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Can you imagine someone calling his wife a horse? It doesn’t sound like much of a compliment does it? But in Shir Hashirim (the Song of Songs), King Shlomo expresses the affection between Hashem and His beloved People in an allegory of a man and a woman who are totally in love and express their devotion to each other in poetic language. In the ninth sentence of the first chapter, the man says to his beloved one, “I compare you, O my love, to a mare of the chariots of Par’oh!” What could this possibly mean? And if there is some reasonable connotation in the comparison to a horse, why did he specifically pick one from the chariots of Par’oh?

The answer can be found in a vort from Rabbi Yeshayeh Cheshin zt”l, brought in the book Yalkut Ma’amarim, according to the book, Lekach Tov.

After Moshe and the Israelite men sang their song, after the splitting of the sea, it says, “And Miriam the prophetess, the sister of Aharon, took her drum in her hand and all the women went forth after her with drums and with dances. And Miriam answered them, ‘Sing to Hashem for He is exalted above the arrogant, the horse and his rider has He thrown into the sea’" (Shemos 15:20:21).

It seems strange, says Rav Cheshin, that the Torah uses the expression “Miriam answered them”, which seems to imply that someone asked a question and she replied. What was the question, who was the questioner and what, exactly, was the response?

We know that when Moshe stood before Hashem at the burning bush and He told him to go to Par’oh and instruct him to send out the Jewish People, Moshe asked, “Who am I that I should go to Par’oh and that I should take the Children of Israel out of Egypt?" (Ibid. 3:11). Rashi explains that Moshe asked Hashem, “How has Israel merited that a miracle should be wrought for them and that I should bring them forth from Egypt?” Moshe understood that if the Israelites had no merits then the Exodus would not be successful. Hashem answered, “When you take the people out of Egypt, you will serve Hashem on this mountain" (Ibid. 12). Hashem took us out on credit with the merit that after we leave Egypt we would accept the Torah at the Mountain of Sinai. As soon as the Jews left their “House of Bondage,” they began counting the days in anticipation of that joyful event when we would receive the Torah. The song they sang at the sea was not only one of freedom; it was a song of rejoicing that these steps would soon lead them to receive Hashem’s Torah.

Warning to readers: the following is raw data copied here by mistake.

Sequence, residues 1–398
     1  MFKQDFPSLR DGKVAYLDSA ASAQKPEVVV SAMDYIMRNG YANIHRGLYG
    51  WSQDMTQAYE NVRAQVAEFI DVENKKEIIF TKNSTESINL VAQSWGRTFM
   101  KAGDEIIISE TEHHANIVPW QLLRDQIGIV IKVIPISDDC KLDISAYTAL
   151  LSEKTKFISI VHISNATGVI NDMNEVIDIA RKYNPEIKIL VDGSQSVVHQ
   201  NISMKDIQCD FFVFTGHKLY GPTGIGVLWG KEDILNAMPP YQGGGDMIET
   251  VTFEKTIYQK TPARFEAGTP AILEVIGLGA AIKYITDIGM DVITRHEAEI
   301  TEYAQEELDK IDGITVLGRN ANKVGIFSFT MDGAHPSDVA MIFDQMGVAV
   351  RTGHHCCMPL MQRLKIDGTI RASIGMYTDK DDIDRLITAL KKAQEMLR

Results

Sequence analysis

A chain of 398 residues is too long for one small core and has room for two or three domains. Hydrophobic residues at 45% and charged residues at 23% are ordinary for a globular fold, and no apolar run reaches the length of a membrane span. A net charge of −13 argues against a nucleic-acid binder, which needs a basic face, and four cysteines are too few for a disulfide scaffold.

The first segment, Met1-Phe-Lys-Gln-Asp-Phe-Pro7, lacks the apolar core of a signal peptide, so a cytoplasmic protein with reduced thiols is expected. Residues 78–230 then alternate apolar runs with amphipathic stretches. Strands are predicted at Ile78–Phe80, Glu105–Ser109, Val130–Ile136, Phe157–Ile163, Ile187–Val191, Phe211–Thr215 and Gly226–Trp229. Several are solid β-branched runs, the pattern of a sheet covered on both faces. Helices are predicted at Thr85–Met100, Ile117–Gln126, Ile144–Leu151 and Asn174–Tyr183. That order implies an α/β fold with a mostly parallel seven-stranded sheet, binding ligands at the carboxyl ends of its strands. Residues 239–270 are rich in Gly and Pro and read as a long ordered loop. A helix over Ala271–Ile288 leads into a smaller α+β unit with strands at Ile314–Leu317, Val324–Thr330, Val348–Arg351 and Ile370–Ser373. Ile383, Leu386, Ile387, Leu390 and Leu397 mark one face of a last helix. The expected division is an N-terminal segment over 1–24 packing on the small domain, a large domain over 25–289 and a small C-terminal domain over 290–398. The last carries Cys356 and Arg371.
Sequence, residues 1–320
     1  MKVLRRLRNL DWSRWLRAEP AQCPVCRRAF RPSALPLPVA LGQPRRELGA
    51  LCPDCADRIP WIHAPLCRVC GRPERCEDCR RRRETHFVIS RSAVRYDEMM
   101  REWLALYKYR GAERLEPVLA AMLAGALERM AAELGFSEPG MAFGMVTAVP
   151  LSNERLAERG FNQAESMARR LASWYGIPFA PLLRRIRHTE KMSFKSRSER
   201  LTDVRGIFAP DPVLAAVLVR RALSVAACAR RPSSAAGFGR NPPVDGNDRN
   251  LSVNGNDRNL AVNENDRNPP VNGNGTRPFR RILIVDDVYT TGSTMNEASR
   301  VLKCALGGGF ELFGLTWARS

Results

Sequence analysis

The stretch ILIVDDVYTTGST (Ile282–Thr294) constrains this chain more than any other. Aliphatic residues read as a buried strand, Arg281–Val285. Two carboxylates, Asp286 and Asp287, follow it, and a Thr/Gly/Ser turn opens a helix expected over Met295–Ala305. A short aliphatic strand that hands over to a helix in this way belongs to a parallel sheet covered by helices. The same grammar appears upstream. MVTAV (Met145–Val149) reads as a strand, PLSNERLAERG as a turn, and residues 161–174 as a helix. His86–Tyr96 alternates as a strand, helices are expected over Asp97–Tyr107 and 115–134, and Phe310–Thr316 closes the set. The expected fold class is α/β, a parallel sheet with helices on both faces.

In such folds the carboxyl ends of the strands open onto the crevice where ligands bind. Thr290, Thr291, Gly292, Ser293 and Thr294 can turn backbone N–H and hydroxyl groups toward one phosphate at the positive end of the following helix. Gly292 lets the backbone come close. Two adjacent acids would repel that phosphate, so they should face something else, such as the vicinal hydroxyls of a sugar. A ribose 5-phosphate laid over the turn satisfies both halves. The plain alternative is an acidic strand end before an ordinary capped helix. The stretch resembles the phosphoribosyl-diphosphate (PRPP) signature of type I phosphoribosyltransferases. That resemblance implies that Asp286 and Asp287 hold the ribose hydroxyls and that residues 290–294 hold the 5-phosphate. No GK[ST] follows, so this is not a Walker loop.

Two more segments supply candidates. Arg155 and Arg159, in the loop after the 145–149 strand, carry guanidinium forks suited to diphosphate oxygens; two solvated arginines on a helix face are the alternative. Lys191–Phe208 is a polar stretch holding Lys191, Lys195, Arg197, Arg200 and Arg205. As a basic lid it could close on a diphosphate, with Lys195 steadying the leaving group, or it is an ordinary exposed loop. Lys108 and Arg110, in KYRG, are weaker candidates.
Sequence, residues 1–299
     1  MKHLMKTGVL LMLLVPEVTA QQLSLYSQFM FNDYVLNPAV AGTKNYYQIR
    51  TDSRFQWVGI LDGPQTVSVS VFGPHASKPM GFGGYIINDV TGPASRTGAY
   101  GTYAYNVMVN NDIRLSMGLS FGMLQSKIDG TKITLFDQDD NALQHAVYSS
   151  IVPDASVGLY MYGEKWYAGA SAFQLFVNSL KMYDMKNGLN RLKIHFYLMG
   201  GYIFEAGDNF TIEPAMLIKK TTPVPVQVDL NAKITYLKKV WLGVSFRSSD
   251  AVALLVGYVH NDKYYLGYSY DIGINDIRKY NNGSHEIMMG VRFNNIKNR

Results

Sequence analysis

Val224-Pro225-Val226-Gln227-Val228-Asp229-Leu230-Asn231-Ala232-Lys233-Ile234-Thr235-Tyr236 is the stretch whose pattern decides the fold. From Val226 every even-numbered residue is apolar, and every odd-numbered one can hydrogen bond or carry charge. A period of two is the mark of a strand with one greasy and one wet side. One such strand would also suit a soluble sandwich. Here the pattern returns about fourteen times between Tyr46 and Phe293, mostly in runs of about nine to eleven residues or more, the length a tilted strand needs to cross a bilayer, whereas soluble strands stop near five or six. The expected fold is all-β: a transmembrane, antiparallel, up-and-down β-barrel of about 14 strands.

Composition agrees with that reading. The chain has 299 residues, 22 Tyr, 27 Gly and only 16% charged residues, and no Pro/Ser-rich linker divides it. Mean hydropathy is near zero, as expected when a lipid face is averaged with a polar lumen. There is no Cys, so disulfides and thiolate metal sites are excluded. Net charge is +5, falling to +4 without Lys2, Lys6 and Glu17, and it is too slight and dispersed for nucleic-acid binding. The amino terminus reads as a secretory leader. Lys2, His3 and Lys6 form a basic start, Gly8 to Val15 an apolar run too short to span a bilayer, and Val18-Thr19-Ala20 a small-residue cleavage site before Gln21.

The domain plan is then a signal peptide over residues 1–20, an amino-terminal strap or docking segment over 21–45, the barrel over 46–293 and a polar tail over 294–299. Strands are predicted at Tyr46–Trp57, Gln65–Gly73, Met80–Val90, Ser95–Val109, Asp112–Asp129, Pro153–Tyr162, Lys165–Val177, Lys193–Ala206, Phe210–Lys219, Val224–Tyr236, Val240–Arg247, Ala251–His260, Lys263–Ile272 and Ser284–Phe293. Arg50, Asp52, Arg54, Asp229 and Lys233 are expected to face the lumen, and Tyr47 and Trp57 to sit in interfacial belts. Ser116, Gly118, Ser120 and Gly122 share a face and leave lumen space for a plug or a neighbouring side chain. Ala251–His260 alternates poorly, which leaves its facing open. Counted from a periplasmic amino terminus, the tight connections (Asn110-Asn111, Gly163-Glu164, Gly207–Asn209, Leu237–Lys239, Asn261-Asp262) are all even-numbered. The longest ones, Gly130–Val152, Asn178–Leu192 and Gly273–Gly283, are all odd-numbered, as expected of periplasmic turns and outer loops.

This is the question that the woman asked of Miriam, explains Rav Cheshin, when she encouraged them to sing too. Although they too experienced the joy of freedom from oppression, they thought that they could not share in the joy of the eagerness to receive the Torah, since women are exempt from the mitzvah of learning Torah. But Miriam answered them and said, “Sing to Hashem…” because, “the horse and his rider has He thrown into the sea.” One might argue that although the Egyptian rider surely deserved to be drowned in the sea, why did Hashem punish his horse too? The answer is that the horse was an accomplice to the crime and therefore shares in the retribution. If this is true in terms of punishment, how much more so when it comes to rewarding someone who helped someone else do a mitzvah.

Miriam answered the women that just like the horses in Par’oh’s army were punished for helping their riders sin, so we, the women, will be rewarded for helping our husbands learn Torah. And, indeed, the Gemara says Berachos 17a), “With what are women merited? With sending their children to learn Torah in the Synagogues, and sending their husbands to learn in the Houses of Study, and waiting up for them until they return.” Therefore, the women too shared in the song at the sea.